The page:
Sportsmanship rules the trails in cross country

Sportsmanship is a trait that in the heat of athletic competition that occasionally gets lost in the shuffle.

Often times, it gets unnoticed in a sports world often dominated by touchdown celebrations, high-flying slam dunks and bat flips.

But sportsmanship is a large a part of cross country as muck and mire, hill and dale and mad-pack running.

There was plenty of it on display over the weekend at the Northern Maine Regional championship meet in Belfast.

Frankly, I wasn’t surprised one bit, having been around cross country for 17 years as an athlete, coach and now journalist.

There’s perhaps no bigger class act in the sport in this state than Mount Desert Island senior Tia Tardy.

The Trojans’ frontrunner, one of the best schoolgirl runners in the state, recorded a first-place individual finish in helping lead MDI to the Class B girls title, but not even a few seconds after cruising across the finish line, she immediately turned and gazed back at a small hill which takes runners home on the Troy Howard Middle School course.

Not only was Tardy eagerly awaiting to see where the Trojans’ pack would finish, she offered support to Camden Hills of Rockport’s Emma Trapini and Grace Iltis, whose 2-3 finished helped the Windjammers earn a runner-up team finish.

Once the Camden Hills duo crossed that same finish line and caught their breath, cups of water awaited them. Not from officials. Not from coaches. Not from athletic trainers. From Tardy. Every MDI runner who finished the race also had a drink from Tardy ready to be handed over.

Running has always been a sport where friendships are just as important as championship competition. Often times, athletes on separate teams will train together and attend camps together, and represent Maine together in New England competitions.

That was very evident on Saturday.

Kudos to everyone who competed in Belfast for showcasing that friendships are just as important as walking away with a trophy, no matter what jersey that friend happens to be wearing.

Postponement doesn’t deter Maine XC runners.

Like any athlete, runners also have routines. And pre-race rituals. I had plenty of them.

When the Northern Maine regional and state championship cross country meets were pushed back a week apiece due to weather, it could’ve been easy for routines to be disrupted.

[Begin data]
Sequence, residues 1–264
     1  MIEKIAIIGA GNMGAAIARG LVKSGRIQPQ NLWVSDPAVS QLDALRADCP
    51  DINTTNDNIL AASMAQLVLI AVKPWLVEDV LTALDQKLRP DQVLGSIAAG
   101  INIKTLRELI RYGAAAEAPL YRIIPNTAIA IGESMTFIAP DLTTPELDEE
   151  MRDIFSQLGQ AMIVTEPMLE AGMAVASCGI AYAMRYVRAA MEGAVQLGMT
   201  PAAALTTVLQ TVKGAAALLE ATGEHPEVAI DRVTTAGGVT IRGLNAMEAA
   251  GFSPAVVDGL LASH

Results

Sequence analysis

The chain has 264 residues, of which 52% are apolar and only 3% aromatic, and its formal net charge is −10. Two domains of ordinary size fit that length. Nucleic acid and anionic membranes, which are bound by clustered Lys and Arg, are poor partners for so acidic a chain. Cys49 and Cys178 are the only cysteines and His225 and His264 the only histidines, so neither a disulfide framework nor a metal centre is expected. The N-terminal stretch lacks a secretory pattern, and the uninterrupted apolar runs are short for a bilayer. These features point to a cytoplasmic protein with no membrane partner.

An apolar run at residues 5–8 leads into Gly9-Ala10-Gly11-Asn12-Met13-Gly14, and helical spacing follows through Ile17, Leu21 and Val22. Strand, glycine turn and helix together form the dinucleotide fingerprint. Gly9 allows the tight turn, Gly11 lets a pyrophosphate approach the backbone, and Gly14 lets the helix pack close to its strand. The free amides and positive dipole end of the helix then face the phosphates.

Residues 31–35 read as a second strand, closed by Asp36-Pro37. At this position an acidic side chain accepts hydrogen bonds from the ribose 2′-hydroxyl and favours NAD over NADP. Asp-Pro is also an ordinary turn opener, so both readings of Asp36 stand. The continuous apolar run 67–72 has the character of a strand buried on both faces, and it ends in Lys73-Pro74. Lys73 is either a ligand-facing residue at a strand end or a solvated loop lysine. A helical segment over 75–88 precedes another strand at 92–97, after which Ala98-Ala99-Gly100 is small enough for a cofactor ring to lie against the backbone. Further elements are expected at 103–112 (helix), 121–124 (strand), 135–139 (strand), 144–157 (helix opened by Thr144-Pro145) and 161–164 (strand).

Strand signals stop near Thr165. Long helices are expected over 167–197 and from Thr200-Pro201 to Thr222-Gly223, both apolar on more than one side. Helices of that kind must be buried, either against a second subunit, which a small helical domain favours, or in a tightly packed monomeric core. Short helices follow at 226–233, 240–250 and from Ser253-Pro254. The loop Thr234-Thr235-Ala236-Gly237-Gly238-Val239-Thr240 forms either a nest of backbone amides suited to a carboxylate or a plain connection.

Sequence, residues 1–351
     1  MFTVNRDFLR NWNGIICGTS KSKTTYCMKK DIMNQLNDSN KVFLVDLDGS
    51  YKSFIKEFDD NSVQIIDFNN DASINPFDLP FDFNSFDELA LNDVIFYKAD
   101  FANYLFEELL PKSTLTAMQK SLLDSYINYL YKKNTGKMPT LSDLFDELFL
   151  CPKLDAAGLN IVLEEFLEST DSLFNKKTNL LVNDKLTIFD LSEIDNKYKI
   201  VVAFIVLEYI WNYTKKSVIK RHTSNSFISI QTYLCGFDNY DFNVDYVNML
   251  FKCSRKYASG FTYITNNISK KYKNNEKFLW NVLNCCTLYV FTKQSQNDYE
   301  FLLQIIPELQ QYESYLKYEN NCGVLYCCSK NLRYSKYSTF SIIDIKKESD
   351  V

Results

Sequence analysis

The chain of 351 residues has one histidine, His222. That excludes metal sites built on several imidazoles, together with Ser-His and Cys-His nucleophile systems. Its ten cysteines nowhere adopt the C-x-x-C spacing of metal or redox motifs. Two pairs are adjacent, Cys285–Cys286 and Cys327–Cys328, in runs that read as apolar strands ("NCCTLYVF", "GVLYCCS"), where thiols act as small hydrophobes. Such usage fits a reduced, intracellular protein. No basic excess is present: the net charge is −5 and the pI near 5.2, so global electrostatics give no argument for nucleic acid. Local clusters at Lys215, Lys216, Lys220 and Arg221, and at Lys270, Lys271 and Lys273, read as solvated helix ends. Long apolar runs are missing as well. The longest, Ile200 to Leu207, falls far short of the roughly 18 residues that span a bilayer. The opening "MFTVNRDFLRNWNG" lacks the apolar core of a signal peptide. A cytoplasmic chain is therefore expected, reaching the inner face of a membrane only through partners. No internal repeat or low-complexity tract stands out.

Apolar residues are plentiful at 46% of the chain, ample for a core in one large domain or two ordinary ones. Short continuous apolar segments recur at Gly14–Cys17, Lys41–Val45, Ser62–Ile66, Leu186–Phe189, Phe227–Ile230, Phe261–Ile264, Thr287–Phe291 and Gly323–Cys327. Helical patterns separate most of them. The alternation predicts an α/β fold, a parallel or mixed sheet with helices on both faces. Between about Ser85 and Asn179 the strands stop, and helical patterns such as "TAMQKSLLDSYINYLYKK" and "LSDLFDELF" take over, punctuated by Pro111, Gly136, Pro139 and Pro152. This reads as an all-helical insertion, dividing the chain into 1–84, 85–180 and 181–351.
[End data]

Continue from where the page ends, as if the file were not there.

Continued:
For those who left Belfast with championship plaques on Saturday, it wasn’t the case.

In fact, teams wound up relishing the extra week of training, and took it in stride.

Caribou coach Roy Alden, whose Vikings added another Class B regional title to their Aroostook County trophy case, said his club got to add a couple extra long runs to its routine, and didn’t worry about the regional championships until the end of last week.

Orono senior Kassidy Dill, whose first-place run in Class C led the Red Riots to a runner-up finish in another narrow confrontation with George Stevens Academy of Blue Hill, said she recently had a cold, so she welcomed the extra time to prepare for regionals.

You would also never know that Belfast was soaked by rain on Friday, as the Troy Howard Middle School course was in pristine shape for racing on Saturday, and will be for this weekend’s state championship meet. There was very few, if any, mud on the runners as they finished racing.

To cross country fans and followers in Maine, that should come as no surprise, as the Belfast course always holds up very well, even in adverse conditions. Administrators in Belfast and meet officials always do an outstanding job of having the course ready, and Saturday was no exception.

Expect a great weekend of individual and team competition when the state meet comes to the Midcoast this weekend.

Ryan McLaughlin

About Ryan McLaughlin

BDN sports reporter Ryan McLaughlin grew up in Brewer and is a lifelong fan of the New England Patriots, Boston Red Sox, Boston Celtics and Boston Bruins. In "The Boston Blitz" he'll be sharing his perspective with BDN readers about what's happening on the Boston professional sports scene.